It’s okay to change your team structure
When you start your entrepreneurial journey, chances are you’ll be working with a pretty small number of employees. And as your business grows, you might realize that the same roles/departments that used to work don’t translate to a larger team. Remember: growth = change. One of the most important parts of continually improving your company is considering what’s working, what’s not and how you can make it better. And sometimes, that means redefining your team structure—whether it’s creating new roles, shifting team focus or reallocating your resources.
Why would you need to restructure your team in the first place?
Honestly? It depends. Sometimes it’s due to a merger or acquisition; sometimes it’s a little less obvious than that. If you think it might be time to reinvent your team structure, consider the following:
- Are you consistently not meeting KPIs?
- Has growth become stagnant OR suddenly accelerated?
- Was there a major shift in the market?
- Are your employees burnt out?
Answering “yes” to any of these questions doesn’t necessarily mean you need to restructure your team, but you might want to consider it. Assessing each employee’s accountabilities is a straightforward way to understand whether your current structure still works for where you are as a company, and can quickly help you identify gaps and mitigate breakdowns.
Potential benefits of a successful team restructure
- Improved team-wide communication
- Increased efficiency & productivity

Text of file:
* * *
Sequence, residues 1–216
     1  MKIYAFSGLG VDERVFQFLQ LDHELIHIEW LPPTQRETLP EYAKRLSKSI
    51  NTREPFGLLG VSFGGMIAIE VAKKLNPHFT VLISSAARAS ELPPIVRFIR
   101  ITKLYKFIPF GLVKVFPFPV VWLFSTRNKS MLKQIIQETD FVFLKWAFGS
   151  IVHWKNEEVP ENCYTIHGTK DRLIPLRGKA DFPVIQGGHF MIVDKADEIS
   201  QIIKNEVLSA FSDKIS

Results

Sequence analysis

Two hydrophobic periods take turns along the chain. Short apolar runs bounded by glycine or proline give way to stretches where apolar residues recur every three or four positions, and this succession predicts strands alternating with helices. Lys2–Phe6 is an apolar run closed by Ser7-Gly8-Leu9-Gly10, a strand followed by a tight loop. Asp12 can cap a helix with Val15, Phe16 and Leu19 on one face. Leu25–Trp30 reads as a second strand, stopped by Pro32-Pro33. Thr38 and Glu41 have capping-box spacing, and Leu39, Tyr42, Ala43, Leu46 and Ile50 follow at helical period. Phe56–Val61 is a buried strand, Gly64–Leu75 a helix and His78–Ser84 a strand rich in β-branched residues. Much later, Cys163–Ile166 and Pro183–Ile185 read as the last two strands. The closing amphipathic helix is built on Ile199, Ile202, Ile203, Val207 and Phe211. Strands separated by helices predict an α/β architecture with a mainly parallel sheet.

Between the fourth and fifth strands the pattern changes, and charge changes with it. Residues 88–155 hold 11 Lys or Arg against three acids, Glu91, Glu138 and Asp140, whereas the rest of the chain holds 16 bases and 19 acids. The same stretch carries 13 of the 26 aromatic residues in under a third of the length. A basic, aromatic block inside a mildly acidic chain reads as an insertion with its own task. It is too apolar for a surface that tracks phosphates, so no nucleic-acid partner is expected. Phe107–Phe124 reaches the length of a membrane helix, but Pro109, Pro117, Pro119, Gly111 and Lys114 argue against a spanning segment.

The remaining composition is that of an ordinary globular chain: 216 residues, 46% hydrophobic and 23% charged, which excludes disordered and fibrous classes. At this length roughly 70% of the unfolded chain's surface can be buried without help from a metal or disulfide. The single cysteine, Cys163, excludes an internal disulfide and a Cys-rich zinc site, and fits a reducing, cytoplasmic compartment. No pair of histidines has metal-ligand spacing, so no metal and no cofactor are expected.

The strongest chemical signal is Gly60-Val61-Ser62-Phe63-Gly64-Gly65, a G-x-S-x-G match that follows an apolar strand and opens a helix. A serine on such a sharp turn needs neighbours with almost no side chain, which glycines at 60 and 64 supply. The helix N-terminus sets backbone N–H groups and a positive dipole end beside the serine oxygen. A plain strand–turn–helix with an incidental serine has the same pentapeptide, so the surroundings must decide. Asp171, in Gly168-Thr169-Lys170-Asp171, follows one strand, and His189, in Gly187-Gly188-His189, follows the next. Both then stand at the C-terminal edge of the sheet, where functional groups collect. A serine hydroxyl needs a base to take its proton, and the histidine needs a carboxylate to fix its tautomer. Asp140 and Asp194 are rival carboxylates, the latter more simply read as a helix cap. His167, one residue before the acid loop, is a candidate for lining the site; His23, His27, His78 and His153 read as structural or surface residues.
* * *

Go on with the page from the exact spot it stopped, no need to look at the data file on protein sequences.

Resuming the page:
- Know you have the right people in the right seats
- Decreased operational costs
- Better growth opportunities
- Greater employee satisfaction
How to restructure your team (without the headache)
1. Consider all business goals
Before you jump in headfirst, take a moment to consider your company’s short and long term goals. A drastic or rushed structural shift could be detrimental—especially if it doesn’t align with your company’s vision. Ask yourself where you want to be, and use that to determine what roles need to be added or changed in order to help you get there.
2. Elect a change management team
Too many cooks ruin the soup. If everyone tries to manage the shift, you’re likely to run into some serious efficiency roadblocks. NOTE: This doesn’t mean you shouldn’t consider everyone’s feedback. Just that the logistics and timeline should be “owned” by one or a few people, letting you streamline the switch while making sure your employees are heard. Consider creating a small group of decision makers and communicators to represent the team throughout the process.
3. Assess your team
What are your team’s strengths? What are their weaknesses? Is everyone filling the role they should be filling?
When people grow alongside a company, odds are, they’ll change just as much as the organization itself. Their skills, passions and goals might change—so it’s a great time to review where they are, and where they want to be. This can directly inform your team restructure while helping your employees stay on-track and motivated. Providing professional assessments can help you uncover where each team member should fit into the organization.
4. Identify what works
Change is necessary for growth. But try to consider what should stay the same. Make a list of all the things that are working well and be cognizant of incorporating them into your new structure.
5. Take it slow
When approaching a team restructure, no matter how large or small, take it slow. Go in with a plan. Expecting overnight adoption is a slippery slope. Big changes take time, and so should your plan to implement it.
6. Be open and transparent with your team
Can you imagine if you came into work, and your boss told you that you were switching teams without any warning or dialogue beforehand? (We hope this has never happened to any of our dear readers). It can be really scary to be blind sided like that. Have a continual open discussion with your employees and be open to feedback, thoughts, concerns, hopes and dreams. Make sure they understand the who, what and why behind the decisions you’re making. The more involved in the process everyone is, the more supportive you all can be for each other in the process.
- Gina Richard